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MENTAL HEALTH

 
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Etiological Issues

Mental health discussions, both conceptual and practical, frequently involve as important considerations the issue of whether problems originate from environmental as opposed to genetic causes. A good general starting position is that they also certainly invariably involve both (see, for example, Genes, Brains, and Behavior), but the details, balance, and therapeutic implications are different in each case. The following links are intended both to promote general discussion and to allow further exploration of particular cases.

GENERAL MENTAL ILLNESS ANXIETY DISORDERS MENTAL ILLNESS AND CRIME/VIOLENCE
MOOD DISORDERS DISORDERS DIAGNOSED IN CHILDHOOD PERSONALITY DISORDERS
SCHIZOPHRENIA EATING DISORDERS DISSOCIATIVE DISORDERS
SUBSTANCE RELATED DISORDERS SOMATOFORM DISORDERS COGNITIVE DISORDERS
SLEEP DISORDERS    



GENERAL MENTAL ILLNESS


Reviews written by students at Bryn Mawr College


ANXIETY DISORDERS


Reviews written by students at Bryn Mawr College


MENTAL ILLNESS AND CRIME/VIOLENCE


MOOD DISORDERS


Reviews written by students at Bryn Mawr College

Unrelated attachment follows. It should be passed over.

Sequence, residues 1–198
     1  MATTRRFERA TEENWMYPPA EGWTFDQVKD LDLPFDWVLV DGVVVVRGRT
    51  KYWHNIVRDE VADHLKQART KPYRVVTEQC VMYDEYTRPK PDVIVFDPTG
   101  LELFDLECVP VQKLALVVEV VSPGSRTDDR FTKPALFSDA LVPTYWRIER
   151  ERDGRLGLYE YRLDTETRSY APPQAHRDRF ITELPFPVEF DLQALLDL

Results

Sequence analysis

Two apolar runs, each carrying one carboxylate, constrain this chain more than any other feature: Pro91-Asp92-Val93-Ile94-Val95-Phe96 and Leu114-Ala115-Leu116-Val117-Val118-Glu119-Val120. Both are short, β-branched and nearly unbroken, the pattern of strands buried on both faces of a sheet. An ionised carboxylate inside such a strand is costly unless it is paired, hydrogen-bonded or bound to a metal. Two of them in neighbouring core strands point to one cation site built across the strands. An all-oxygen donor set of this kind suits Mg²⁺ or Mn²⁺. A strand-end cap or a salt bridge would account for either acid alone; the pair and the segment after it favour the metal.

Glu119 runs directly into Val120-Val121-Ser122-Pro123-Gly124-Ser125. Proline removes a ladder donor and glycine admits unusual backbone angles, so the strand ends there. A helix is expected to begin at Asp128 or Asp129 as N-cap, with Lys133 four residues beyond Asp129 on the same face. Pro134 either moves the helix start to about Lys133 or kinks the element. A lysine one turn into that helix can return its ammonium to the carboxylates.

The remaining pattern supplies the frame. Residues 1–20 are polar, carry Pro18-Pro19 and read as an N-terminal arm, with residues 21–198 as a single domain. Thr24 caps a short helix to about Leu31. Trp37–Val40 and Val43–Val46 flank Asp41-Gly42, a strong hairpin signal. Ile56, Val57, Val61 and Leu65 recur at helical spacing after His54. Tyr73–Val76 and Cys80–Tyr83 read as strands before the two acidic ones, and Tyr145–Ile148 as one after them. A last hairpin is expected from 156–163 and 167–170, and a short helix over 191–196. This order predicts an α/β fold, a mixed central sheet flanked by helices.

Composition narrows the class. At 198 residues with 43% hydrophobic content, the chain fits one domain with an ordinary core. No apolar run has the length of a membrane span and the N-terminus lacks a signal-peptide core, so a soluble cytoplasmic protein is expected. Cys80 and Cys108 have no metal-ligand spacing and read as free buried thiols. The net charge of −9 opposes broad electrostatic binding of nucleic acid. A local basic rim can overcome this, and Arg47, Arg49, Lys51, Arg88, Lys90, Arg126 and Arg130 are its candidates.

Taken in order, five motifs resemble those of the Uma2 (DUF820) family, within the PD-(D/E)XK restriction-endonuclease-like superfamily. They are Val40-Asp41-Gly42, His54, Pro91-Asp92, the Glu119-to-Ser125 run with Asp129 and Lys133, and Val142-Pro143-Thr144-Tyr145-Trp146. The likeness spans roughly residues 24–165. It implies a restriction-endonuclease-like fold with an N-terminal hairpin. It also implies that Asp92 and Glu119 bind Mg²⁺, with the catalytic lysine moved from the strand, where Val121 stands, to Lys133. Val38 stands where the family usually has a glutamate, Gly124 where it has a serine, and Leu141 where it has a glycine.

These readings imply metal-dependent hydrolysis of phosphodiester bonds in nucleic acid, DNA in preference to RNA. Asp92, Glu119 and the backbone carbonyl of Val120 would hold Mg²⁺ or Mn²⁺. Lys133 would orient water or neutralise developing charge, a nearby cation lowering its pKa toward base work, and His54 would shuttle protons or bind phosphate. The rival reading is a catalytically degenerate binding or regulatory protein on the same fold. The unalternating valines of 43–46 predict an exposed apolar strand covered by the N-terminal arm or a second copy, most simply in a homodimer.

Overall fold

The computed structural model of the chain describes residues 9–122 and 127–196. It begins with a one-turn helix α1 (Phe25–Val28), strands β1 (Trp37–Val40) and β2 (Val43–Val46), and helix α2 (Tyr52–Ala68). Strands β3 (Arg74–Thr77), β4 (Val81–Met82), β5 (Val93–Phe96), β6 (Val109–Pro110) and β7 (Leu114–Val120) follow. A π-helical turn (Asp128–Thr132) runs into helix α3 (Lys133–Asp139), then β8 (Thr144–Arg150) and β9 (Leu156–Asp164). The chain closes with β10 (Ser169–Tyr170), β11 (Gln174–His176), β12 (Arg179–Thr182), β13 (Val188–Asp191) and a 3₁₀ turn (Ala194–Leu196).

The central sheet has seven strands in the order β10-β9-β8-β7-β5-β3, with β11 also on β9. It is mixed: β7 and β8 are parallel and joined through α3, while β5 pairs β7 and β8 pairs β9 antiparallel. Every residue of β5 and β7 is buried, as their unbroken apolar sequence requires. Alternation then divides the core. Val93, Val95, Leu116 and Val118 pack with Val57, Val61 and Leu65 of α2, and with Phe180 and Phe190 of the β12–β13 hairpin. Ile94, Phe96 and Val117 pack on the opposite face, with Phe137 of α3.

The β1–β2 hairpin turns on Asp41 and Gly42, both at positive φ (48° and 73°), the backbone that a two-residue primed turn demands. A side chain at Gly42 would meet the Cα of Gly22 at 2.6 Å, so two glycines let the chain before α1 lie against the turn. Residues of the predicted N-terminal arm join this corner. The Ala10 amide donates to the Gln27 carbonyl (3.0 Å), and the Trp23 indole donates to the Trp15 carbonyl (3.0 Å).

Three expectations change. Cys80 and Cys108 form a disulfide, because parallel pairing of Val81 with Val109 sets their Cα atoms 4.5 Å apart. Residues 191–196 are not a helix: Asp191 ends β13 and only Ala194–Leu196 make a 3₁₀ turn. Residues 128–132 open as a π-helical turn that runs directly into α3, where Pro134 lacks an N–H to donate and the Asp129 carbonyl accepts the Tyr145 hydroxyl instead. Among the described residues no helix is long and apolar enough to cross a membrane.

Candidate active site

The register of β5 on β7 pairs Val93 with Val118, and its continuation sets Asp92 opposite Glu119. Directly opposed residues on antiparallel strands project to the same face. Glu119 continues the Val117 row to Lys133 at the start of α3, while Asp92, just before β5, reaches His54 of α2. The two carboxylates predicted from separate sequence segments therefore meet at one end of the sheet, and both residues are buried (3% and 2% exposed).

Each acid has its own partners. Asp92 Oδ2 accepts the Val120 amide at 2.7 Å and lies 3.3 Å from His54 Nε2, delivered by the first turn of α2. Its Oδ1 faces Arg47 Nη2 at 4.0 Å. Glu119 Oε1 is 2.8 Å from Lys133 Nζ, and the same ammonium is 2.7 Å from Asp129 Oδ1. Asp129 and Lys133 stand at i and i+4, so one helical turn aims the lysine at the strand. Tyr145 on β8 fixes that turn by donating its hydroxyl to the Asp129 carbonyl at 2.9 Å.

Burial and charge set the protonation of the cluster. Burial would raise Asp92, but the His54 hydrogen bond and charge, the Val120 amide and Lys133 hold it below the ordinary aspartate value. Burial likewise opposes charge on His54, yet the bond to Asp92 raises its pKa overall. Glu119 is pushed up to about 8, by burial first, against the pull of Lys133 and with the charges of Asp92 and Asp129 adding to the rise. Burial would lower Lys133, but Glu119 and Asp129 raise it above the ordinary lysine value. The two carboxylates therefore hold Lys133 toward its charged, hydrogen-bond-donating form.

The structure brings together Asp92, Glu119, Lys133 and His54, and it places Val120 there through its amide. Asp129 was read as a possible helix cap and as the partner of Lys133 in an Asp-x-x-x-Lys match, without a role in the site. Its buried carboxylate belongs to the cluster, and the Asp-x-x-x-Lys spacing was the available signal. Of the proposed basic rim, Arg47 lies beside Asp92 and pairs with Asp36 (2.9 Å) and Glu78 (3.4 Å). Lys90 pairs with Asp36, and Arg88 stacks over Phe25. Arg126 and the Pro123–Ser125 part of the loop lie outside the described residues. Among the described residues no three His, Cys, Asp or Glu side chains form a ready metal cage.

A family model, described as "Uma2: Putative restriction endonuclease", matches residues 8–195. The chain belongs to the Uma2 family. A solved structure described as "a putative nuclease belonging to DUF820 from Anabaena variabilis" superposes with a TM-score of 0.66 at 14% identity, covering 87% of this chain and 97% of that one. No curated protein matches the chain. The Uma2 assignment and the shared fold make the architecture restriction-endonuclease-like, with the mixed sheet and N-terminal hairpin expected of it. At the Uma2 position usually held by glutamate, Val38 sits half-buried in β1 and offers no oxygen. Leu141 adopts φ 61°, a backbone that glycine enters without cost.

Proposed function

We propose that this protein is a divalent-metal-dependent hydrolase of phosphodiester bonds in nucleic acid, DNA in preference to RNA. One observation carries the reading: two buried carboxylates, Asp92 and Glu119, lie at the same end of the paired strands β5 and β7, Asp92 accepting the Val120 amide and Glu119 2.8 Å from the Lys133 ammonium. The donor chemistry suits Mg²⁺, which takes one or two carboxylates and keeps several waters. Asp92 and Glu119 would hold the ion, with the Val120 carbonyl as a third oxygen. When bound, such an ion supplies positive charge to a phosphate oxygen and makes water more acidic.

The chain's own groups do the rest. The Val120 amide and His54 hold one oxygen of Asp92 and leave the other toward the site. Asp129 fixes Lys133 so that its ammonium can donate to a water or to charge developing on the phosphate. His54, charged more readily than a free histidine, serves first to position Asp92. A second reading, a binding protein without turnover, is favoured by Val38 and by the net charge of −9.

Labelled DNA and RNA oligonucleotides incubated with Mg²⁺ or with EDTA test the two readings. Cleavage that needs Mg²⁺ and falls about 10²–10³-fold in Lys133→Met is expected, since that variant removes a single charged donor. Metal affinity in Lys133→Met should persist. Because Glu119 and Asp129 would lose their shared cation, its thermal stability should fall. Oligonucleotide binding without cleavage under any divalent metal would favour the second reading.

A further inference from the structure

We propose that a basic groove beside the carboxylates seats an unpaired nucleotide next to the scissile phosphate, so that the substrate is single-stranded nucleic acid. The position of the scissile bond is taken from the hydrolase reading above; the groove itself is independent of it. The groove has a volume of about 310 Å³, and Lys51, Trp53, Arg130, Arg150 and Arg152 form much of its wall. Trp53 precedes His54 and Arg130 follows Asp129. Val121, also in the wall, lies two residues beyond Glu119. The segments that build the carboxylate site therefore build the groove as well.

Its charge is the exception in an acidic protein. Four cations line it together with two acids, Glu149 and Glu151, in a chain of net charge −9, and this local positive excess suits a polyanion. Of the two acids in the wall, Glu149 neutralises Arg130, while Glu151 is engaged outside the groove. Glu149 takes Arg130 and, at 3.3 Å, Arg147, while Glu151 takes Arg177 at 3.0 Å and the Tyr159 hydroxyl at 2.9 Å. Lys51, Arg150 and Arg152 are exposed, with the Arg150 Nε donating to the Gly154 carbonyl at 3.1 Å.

DISORDERS USUALLY DIAGNOSED IN INFANCY, CHILDHOOD OR ADOLESCENCE


Reviews written by students at Bryn Mawr College


PERSONALITY DISORDERS


SCHIZOPHRENIA


Reviews written by students at Bryn Mawr College


EATING DISORDERS

Reviews written by students at Bryn Mawr College


DISSOCIATIVE DISORDERS

Reviews written by students at Bryn Mawr College


SUBSTANCE RELATED DISORDERS

Reviews written by students at Bryn Mawr College


SOMATOFORM DISORDERS

Reviews written by students at Bryn Mawr College


DELIRIUM, DEMENTIA and AMNESTIC and OTHER COGNITIVE DISORDERS

Reviews written by students at Bryn Mawr College


SLEEP DISORDERS

Reviews written by students at Bryn Mawr College


Back to Mental Health Project.

These resource lists are being maintained by Debbie Plotnick, working with Paul Grobstein, Department of Biology, and James Martin, School of Social Work and Social Research, at Bryn Mawr College. Suggestions for additions to the list are welcome, as are more general thoughts about how to most effectively make available information, and promote conversation, about issues of mental health. Contact dplotnic@brynmawr.edu - pgrobste@brynmawr.edu - jmartin@brynmawr.edu.


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